ZAWIYAH, Libya (Reuters) - For 12 hours, Libyan rebel Ahmed Oraybee had been moving from one building to the next in the town of Zawiyah, trying to hunt down the pro-government snipers stalking its neighborhoods.
Suddenly he became a victim himself when a bullet struck him in the leg.
“These snipers are really good. The sniper shot me in the leg as I was climbing a staircase so that a comrade or two would come and help me, and then he would try to kill all of us,” he told Reuters, speaking from a bed at Bir Muammar Hospital.
“They have a well thought-out plan.”
Rebels attacked Zawiyah Saturday and say they now control about 80 percent of the strategic town which lies 50 km (30 miles) west of Tripoli.
The fighters are focused on capturing or killing the snipers and clearing out any other pro-government forces so they can then set up barricades, secure Zawiyah and move on to the capital Tripoli, Muammar Gaddafi’s stronghold.
Gaddafi’s men have recaptured Zawiyah twice before so the rebels say they are being extra cautious and thorough.
“The snipers are in many tall buildings in Zawiyah. It will take time to hunt them down,” said Oraybee, 26, who was an accountant before he took up arms.
In central Zawiyah, a few families drove cars past a group of about 40 rebels and beeped to celebrate the rebel advance. A man and his sons grinned as fighters sped by in pick-up trucks mounted with machineguns.
But Grad missiles, mortars and bullets sporadically fired by Gaddafi’s men kept the town on edge. Almost all shops remained shuttered.
A man named Waleed, his shirt drenched in his sister’s blood, held her hand, hoping doctors would keep her alive after shrapnel from a mortar bomb hit her in the neck and hips.
He said he was also praying government forces never return to Zawiyah. “Gaddafi terrified us for months. His men randomly raided homes and beat people and took their valuables,” said Waleed, with tears in his eyes.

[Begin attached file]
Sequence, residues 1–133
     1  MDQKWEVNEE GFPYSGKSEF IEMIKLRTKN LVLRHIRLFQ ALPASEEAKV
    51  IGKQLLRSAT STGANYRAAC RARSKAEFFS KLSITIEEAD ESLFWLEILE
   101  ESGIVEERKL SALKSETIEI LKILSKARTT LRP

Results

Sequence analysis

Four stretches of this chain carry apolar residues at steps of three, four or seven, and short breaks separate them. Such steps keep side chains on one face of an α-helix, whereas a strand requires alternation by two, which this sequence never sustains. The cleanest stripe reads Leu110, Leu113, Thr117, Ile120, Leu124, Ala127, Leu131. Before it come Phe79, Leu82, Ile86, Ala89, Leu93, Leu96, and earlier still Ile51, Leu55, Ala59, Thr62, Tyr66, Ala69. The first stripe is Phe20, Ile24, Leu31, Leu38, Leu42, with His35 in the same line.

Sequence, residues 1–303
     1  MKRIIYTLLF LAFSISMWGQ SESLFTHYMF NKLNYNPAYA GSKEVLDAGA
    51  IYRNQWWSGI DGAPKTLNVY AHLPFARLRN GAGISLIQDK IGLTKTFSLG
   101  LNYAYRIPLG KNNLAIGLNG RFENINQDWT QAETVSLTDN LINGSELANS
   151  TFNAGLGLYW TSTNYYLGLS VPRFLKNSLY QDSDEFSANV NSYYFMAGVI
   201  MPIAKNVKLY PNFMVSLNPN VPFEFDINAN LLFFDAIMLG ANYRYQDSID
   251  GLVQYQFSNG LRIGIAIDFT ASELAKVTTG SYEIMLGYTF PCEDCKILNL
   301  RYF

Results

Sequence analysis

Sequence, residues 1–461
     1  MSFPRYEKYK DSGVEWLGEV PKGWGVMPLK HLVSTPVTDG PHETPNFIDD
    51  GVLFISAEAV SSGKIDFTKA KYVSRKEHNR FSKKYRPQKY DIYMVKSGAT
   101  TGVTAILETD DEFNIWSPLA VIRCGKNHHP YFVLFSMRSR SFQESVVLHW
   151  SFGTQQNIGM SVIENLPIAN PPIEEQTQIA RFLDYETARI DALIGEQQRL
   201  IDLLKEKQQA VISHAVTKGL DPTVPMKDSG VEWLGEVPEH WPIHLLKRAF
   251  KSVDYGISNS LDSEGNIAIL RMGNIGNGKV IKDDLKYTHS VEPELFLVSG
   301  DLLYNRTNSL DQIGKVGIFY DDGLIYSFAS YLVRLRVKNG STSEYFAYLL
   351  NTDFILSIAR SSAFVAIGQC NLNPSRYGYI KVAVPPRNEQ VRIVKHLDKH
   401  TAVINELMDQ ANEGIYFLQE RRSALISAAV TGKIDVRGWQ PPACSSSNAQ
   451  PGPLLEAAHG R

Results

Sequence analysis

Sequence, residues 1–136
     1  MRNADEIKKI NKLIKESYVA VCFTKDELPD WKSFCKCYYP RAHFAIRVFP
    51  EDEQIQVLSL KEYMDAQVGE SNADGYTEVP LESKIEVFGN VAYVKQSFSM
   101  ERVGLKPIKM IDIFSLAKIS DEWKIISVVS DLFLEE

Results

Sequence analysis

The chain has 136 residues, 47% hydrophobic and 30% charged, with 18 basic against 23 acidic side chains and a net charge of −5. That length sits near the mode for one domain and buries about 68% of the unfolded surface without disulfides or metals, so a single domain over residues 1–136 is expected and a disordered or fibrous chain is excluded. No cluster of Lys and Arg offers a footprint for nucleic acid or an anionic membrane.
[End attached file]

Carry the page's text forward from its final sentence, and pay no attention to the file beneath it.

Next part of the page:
As wounded rebels were brought to the hospital, others tried to gather information on the movements of Gaddafi forces in Zawiyah.
One medic said government forces had stored large amounts of weapons in the Zawiyah Teaching Hospital. Rumors spread that large numbers of government forces were killed in the facility.
Control of the Zawiyah oil refinery, one of the country’s biggest, remained in the hands of government forces but rebels said they were closing in on them.
Rebel Omar al Magherby set up his automatic rifle with a long cartridge belt dangling from it outside the hospital “in case of any attacks.”
He spoke of Gaddafi - who has ruled Libya for over four decades — as if he had special powers.
The news that he and his fellow rebels had captured most of Zawiyah and cut off Tripoli from a vital supply route from Tunisia seemed almost too good to be true.
Suspicions run deep in Zawiyah. Rebels arrested 15 men they said were African mercenaries and Libyan soldiers fighting for Gaddafi and locked them inside a building beside the hospital.
One of them, a Nigerian, pleaded, saying he was working in Zawiyah at a car wash. “I am innocent,” he said, as a rebel just shook his head, pointed his weapon and told him to produce work papers.
Inside the hospital, medics wheeled in a man they said was a Gaddafi militiaman who was suffering from a gunshot wound. His jaw was hanging by the flesh.
Until they capture or expel the remaining government forces, Zawiyah will remain unstable.
“I was just sitting at home and they got me,” said an Egyptian man who was shot by a sniper, as a doctor put the patient’s cellphone in a plastic bag and took his pulse.
Editing by Douglas Hamilton and Rosalind Russell